III. Even Jack Configuration

FIGS. 5-7 illustrate one of the even jacks 62 b in isolation from the jack mount 22. The jack 62 b includes a dielectric jack body 70 b having a top side 72 b positioned opposite from a bottom side 74 b, and a front side 76 b positioned opposite from a back side 78 b. The top side 72 b includes a laterally tapered guide member 90 b, and a resilient locking member 94 b having an upwardly projecting locking tab 96 b. The locking member 94 b can be flexed between a retaining position Pb1 and a non-retaining position Pb2. A transverse wall 92 b is positioned generally between the locking member 94 b and the guide member 90 b. Alignment notches 102 b are formed generally below the transverse wall 92 b on opposite sides of the guide member 90 b. Guide surfaces 89 b are positioned below the notches 102 b on opposite sides of the guide member 90 b. The guide surfaces 89 b include front portions 91 b elevated relative to rear portions 93 b, and ramped portions 95 b positioned between the front and rear portions 91 b and 93 b.

The bottom side 74 b of the jack body 70 b includes an elongated guide member 80 b extending between the front and back sides 76 b and 78 b. The guide member 80 b tapers laterally outward as it extends from the back side 78 b toward the front side 76 b. The bottom side 74 b also includes guide surfaces 82 b positioned on opposite sides of the guide member 80 b. The guide surfaces 82 b include substantially parallel front and back portions 84 b and 86 b. A ramped portion 88 b interconnects the front and back portions 84 b and 86 b such that the back portions 86 b are elevated relative to the front portions 84 b.

It will be appreciated that the top and bottom sides 72 b and 74 b of the jack body 70 b have different configurations than the top and bottom sides 72 a and 74 a of the jack body 70 a. Preferably, the top and bottom sides of the jack bodies 70 a and 70 b have varying configurations in order to provide a keying function. For example, by varying the configurations of the top and bottom sides of the jack bodies 70 a and 70 b, a user is prevented from placing the jacks 62 a and 62 b in the wrong positions on the jack mount 22. The user is also inhibited from inserting the jacks 62 a and 62 b upside-down into the jack mount 22.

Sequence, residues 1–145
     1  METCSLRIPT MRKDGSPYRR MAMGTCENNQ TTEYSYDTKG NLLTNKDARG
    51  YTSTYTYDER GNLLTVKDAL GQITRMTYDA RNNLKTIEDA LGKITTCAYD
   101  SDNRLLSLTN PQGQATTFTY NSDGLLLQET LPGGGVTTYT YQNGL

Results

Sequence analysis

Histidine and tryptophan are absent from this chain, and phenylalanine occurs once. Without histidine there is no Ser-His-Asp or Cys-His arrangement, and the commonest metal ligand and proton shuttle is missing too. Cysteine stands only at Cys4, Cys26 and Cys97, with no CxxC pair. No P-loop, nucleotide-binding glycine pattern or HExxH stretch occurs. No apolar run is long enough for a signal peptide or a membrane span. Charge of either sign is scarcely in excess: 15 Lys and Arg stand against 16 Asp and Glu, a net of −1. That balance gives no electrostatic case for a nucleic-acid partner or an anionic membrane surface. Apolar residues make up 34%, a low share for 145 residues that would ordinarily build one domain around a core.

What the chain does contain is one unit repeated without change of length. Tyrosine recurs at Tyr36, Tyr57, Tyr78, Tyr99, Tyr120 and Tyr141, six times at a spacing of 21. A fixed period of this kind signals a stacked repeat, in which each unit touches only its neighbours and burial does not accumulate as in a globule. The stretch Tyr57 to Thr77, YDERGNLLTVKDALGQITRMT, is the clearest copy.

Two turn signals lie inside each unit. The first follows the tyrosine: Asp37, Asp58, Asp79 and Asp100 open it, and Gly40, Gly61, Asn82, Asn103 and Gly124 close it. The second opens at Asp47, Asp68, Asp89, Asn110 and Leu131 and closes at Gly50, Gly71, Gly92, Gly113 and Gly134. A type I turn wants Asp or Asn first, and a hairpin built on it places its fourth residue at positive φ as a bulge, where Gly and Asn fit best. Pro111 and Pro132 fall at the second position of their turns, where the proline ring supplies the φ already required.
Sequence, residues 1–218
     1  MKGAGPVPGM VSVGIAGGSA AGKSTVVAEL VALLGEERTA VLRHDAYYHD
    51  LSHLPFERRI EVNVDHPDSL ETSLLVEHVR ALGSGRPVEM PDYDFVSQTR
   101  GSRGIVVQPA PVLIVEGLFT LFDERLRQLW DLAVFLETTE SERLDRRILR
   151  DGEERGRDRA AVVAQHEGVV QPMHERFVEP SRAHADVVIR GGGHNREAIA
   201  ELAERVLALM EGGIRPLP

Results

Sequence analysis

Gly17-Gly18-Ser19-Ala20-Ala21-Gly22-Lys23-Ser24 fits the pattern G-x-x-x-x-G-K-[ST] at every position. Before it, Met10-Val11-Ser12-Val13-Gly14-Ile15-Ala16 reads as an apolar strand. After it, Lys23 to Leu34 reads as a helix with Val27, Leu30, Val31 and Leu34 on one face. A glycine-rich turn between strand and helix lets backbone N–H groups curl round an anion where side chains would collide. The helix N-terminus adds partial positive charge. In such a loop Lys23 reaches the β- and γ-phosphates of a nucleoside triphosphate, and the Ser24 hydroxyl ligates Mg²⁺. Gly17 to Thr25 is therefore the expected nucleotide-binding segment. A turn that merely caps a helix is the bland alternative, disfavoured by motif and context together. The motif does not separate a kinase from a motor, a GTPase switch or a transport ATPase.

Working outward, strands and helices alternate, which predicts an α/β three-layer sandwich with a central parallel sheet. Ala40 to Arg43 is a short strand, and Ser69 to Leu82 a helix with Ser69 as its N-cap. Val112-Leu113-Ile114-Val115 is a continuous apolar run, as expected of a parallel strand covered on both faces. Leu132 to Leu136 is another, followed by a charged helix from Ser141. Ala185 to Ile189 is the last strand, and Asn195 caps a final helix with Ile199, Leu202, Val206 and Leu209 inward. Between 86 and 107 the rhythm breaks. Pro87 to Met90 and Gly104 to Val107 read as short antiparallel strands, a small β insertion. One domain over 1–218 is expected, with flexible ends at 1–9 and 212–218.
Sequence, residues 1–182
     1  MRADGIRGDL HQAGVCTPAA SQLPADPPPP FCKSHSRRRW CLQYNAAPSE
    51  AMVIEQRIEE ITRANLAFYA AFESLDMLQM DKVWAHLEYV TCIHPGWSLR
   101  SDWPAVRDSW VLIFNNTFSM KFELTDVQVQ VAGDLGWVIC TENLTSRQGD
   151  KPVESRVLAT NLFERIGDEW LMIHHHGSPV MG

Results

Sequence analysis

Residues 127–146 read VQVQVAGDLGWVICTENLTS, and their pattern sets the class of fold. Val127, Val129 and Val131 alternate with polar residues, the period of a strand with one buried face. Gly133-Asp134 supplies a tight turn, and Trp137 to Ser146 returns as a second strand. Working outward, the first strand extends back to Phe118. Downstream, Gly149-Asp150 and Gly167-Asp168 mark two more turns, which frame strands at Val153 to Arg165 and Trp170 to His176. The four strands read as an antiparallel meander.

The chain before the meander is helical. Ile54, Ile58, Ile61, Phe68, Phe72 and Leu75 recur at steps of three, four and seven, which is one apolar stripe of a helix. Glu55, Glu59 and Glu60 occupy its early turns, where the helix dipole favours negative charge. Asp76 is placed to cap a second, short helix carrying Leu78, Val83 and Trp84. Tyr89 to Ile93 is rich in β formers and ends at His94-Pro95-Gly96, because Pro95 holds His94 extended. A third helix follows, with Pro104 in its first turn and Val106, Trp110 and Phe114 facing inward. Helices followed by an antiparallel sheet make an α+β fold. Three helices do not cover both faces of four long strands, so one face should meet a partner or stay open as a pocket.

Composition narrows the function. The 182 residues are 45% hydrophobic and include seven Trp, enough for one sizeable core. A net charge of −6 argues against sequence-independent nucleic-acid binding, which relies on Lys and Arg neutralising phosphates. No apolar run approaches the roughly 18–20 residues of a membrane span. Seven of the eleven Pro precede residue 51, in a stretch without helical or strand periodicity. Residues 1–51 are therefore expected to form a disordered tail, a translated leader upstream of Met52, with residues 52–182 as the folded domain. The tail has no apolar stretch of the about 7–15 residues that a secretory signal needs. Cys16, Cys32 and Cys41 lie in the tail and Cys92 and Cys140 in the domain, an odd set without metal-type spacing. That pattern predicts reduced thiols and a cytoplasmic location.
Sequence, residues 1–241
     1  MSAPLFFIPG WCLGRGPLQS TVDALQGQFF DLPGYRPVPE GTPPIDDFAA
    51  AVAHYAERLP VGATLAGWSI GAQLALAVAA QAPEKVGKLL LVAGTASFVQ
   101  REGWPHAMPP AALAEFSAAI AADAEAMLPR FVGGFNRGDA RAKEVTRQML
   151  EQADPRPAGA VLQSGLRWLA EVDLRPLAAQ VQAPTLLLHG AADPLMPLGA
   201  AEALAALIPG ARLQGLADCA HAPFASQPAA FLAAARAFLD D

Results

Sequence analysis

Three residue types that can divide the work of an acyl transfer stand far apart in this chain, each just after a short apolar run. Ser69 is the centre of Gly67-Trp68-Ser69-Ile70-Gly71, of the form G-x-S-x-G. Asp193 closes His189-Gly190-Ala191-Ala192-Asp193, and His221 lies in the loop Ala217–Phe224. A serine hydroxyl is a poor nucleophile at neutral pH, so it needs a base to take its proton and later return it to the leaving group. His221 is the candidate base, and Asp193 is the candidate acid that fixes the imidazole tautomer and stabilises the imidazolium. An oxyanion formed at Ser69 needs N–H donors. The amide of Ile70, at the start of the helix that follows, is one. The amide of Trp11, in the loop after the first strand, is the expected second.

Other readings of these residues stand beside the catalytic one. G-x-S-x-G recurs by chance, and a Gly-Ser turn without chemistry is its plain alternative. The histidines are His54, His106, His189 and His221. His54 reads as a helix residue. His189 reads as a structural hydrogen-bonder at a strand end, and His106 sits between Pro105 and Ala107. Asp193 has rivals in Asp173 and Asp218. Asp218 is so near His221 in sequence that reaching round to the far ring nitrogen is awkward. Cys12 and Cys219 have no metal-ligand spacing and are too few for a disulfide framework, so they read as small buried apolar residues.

As shown in FIG. 5, the front side 76 b of the jack body 70 b defines an LED port 104 b, a monitor out port 106 b, and out port 108 b, an in port 110 b, and a monitor in port 112 b. It will be appreciated that the ports 104 b, 106 b, 108 b, 110 b and 112 b are arranged in a different pattern than the ports 104 a, 106 a, 108 a, 110 a and 112 a. For example, a larger spacing exists between the monitor out port 106 b and the out port 108 b as compared to the monitor out port 106 a and the out port 108 a. Additionally, a reduced spacing exists between the in port 110 b and the monitor in port 112 b as compared to the in port 110 a and the monitor in port 112 a. More specifically, the monitor out port 106 b is spaced a first spacing S1b from the out port 108 b. The out port 108 b is spaced a second spacing S2b from the in port 110 b. The in port 110 b is spaced a third spacing S3b from the monitor in port 112 b. In the preferred embodiment, the first spacing S1b is greater than the third spacing S3b; more preferably, the first spacing S1b is greater than both the third spacing S3b and the second spacing S2b; most preferably, the first spacing S1b is greater than the third spacing S3b and the third spacing S1b is greater than the second spacing S2b. It will be appreciated that the terms “port” and “bore” are intended to be used interchangeably.